Thirty-five recipients received awards for distinguished service to the Indigenous community on the Australia Day 2019 Honours List.

Dulcie Flower, Ruth Hennings, Alfred Neal and Diana Travis all received awards for their crucial role in the 1967 referendum.

Dr Anne Martin was awarded for her service to the Indigenous community and to higher education.

Dr Martin is Director of the Tjabal Indigenous Higher Education Centre at ANU and was Co-Chair of NAIDOC (2006-2018).

Born at La Perouse and a descendant of the Yuin people on Sydney’s South Coast, she said winning the award was “a testament to those who went before me,” including her parents, grandparents, cousins, aunties and uncles.

“They gave me these opportunities and grounded me with love and support,” she said. “To me, it’s not just my award, it’s their award.”

She said she was grateful to have met prominent Indigenous Australians like Terri Janke, Dr Kelvin Kong and Damian Miller during her tenure in education.

“I think, ‘Wow I got to share time with you amazing people when you were students and look where you are now’,” she said.

“To me, I am enriched by that.”

Dr Martin said when it comes to educating the next generation, we should not become complacent and “we still have a lot of catching up to do.”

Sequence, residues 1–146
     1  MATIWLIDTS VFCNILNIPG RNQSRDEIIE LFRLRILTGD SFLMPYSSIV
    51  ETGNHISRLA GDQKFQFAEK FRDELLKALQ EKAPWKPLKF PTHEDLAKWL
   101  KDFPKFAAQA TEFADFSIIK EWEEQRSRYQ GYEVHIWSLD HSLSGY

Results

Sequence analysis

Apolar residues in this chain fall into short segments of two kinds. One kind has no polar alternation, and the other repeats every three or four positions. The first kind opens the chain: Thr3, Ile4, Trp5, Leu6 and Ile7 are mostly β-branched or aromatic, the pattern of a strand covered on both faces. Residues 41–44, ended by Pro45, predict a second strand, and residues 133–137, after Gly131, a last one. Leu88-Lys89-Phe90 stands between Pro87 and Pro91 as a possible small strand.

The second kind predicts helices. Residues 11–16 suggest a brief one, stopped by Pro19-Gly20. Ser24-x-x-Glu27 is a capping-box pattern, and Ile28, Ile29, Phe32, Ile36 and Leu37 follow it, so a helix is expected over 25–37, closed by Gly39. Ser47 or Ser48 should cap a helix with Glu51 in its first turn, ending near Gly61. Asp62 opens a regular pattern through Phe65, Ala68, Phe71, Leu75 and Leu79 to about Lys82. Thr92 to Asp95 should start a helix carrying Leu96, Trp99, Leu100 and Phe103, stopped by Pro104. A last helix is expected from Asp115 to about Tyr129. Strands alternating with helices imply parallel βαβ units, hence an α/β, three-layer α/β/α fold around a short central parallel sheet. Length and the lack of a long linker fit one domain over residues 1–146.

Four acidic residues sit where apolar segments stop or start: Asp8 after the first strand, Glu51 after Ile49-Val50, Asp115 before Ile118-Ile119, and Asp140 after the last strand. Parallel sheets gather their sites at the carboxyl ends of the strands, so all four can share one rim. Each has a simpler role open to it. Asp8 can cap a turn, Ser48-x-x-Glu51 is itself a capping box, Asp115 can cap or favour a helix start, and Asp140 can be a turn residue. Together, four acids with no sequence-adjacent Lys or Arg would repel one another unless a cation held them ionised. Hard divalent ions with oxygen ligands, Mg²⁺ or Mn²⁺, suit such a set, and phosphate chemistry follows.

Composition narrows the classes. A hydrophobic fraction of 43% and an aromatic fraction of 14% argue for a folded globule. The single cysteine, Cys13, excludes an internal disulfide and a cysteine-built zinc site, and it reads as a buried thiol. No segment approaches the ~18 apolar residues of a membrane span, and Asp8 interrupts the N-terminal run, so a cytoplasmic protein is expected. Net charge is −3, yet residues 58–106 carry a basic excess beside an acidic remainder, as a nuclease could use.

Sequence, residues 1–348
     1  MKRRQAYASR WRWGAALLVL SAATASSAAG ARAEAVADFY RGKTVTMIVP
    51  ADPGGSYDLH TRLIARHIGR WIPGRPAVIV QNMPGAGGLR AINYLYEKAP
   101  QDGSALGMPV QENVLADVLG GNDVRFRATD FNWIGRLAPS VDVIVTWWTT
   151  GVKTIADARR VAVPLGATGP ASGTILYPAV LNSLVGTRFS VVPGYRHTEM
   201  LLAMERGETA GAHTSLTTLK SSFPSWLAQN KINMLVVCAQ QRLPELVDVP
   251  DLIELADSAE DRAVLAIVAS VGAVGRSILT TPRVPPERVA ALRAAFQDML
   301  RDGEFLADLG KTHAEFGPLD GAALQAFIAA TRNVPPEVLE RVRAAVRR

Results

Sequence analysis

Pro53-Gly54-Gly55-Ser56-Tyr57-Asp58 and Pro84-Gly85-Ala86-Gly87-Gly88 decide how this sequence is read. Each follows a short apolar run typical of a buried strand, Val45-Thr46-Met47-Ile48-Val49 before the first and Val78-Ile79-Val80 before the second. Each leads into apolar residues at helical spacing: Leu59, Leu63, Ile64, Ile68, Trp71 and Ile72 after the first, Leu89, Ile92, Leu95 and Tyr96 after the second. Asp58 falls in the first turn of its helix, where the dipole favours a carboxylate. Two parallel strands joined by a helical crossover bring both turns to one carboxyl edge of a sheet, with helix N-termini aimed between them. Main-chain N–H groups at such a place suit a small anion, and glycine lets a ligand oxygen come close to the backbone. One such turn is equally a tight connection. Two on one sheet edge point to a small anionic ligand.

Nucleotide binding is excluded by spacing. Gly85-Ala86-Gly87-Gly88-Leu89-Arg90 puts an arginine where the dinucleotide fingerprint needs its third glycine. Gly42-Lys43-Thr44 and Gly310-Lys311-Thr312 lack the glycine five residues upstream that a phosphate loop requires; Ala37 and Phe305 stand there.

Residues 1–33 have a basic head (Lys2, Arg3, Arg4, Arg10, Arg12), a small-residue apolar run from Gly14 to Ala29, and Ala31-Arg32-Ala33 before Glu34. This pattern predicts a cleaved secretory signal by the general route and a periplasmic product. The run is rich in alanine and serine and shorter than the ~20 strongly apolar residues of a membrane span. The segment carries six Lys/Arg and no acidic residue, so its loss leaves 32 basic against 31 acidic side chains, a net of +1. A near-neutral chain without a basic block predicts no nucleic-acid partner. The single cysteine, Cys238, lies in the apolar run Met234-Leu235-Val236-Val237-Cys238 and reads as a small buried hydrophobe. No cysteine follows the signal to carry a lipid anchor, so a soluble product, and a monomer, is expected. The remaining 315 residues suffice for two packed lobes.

She said the future of Indigenous education in Australia was “in the hands of all of us.”

“It might not happen in my lifetime but I am encouraged for the future.”

“We are very fortunate to have such strong, articulate and passionate people coming through,” she said.

“Not just in the education sector but across so many different sectors.”

Adjunct Professor Muriel Bamblett received an Officer of the Order for her service to Victoria as an advocate for the self-determination and cultural rights of Indigenous children.

The Yorta Yorta and Dja Dja Wurrung woman is CEO at VACCA (Victorian Aboriginal Child Care Agency) and chaired the Secretariat of National Aboriginal and Islander Child Care (SNAICC) from 1998 to 2008.

She worked on the Northern Territory Child Protection Inquiry from 2009-2011 and is involved in over 30 advisory groups concerning the Aboriginal community.

Banduk Marika received an Officer of the Order for distinguished service to the visual arts, particularly to Indigenous printmaking and bark painting, and through cultural advisory roles.

Ms Marika was born at Yirrkala mission in north-east Arnhem Land where she was taught to paint by her father and statesman and ritual leader of the Dhuwa at Yirrkala, Mawalan Marika.

Her linocuts and screenprints include stories from her clan: of Djan’kawu, the Wagilag sisters creation story and the Turtle Hunters.

Dr Lou Bennett received an award for significant service to performing arts, particularly to music and the Indigenous community.

Dr Bennett is a Yorta Yorta Dja Dja Wurrung woman who has spent 29 years in the arts industry as a performer, songwriter, musical director and educator amongst other positions.

She is a former member of the internationally acclaimed music trio Tiddas. In 2006, she co-founded the Black Arm Band, one of Australia’s leading performing arts companies.

This year’s Australia Day Honours List included 1400 awards, including the most ever awards for outstanding service or achievement in the community (516) and the highest percentage and number of women recipients (422).

By Andrea Cantle